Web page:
In today’s business world face to face interviews can sometimes feel a little one-sided for a prospective candidate. By the time you get to the big interview, you are already so invested in the process of trying to get the job that you are naturally going to try to sell yourself to the hiring manager. Some people even end up accidentally overselling themselves.
The interview process itself can be a nervous time for any candidate. “Sometimes I’ll try to trip them up by asking them questions about fundamentals. Like what’s the difference between a risk and an issue?” A risk is something that has the ability to occur, and an issue is something that has already occurred and needs to be dealt with accordingly.
Other questions that might be fair game for determining if someone really knows their stuff is to provide them with a hypothetical scenario. “I might tell someone that I need to quickly expand my staff, and that I will need to throw them into the deep end of the pool to take over a project that is already in flight,” explained Potter. “Then I’ll tell them that there are a 100 things that need to be done on the first day… What are your top two?”
Open-ended questions like this help to whittle down and sort out potential candidates who have the experience and skills for the position and those who may have embellished their resume beyond what the basic vetting process can catch. “Most of the time the resume is relatively correct,” Potter added.
More ambiguous questions that are likely to inspire prose from a prospective candidate rarely make it into the hiring interviews that Potter conducts. “Asking someone like what’s your weakness generally gets you an evasive answer, like the candidate will come back and say that I don’t delegate enough.”
Potter saw a questionnaire once with complex and arcane psychological questions designed to test a candidate’s character, with questions such as: I often lie… Then it offered a sliding scale between Often True and Never. “I don’t know how you even answer a question like that?” Potter opined.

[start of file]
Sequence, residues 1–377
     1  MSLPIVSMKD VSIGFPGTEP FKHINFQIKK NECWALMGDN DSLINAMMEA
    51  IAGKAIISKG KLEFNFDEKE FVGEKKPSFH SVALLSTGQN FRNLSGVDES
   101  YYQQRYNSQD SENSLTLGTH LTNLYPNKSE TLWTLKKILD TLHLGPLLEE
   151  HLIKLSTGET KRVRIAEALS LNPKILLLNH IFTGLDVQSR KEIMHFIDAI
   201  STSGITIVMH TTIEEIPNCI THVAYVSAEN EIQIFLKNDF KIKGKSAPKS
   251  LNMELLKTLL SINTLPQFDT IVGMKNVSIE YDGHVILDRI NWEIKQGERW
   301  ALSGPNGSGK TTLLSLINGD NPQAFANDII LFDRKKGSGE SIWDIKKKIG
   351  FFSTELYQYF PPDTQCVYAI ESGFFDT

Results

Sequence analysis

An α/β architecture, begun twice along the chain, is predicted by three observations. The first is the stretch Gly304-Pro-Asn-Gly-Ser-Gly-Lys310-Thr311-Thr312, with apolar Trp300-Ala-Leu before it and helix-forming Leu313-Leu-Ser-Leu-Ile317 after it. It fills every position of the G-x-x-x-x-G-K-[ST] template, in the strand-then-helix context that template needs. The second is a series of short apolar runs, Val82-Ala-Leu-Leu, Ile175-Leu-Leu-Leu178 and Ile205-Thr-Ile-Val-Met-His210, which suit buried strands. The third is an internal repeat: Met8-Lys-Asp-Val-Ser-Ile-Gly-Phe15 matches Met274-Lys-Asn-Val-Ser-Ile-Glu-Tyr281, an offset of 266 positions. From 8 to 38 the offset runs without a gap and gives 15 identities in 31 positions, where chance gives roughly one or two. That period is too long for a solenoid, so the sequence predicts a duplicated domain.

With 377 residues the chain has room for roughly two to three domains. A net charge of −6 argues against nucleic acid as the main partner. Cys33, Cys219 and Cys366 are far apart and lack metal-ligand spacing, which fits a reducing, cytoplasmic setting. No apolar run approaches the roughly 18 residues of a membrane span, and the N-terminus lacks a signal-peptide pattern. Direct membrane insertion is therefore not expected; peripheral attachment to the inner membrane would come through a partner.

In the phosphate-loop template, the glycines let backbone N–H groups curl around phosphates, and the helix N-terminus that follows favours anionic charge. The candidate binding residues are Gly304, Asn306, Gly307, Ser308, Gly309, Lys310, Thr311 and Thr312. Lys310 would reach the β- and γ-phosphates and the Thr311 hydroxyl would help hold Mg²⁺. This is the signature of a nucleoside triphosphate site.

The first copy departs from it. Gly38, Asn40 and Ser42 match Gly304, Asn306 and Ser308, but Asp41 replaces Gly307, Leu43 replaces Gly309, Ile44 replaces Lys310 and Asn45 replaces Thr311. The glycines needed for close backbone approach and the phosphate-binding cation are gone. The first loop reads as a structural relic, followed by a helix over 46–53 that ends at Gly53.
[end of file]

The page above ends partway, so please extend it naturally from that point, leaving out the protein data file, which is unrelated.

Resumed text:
When it comes to other less obvious yet equally important factors like body language, what’s being conveyed can come with a lot of potential gray area. “Most people are nervous in the first place. So, it’s hard to judge them based on just their body language alone.”
Potter also does note that the interview is never over just because it’s done. Conversations before and after are also a factor. “You give out a lot of information through your body language and other expression. It’s not so much the words you use when you answer as much as how you answer,” Potter clarified.
If you are in the process of applying for your first big job, or even if you are in a mid-career change and looking to step up to a higher position with a new company, it’s important to be yourself. Beyond simply selling yourself to a hiring manager in an interview, it’s also important to remember that after you get the job, this is the place you will be at least five days or more a week. These are the people you will be working with side by side for potentially many years to come.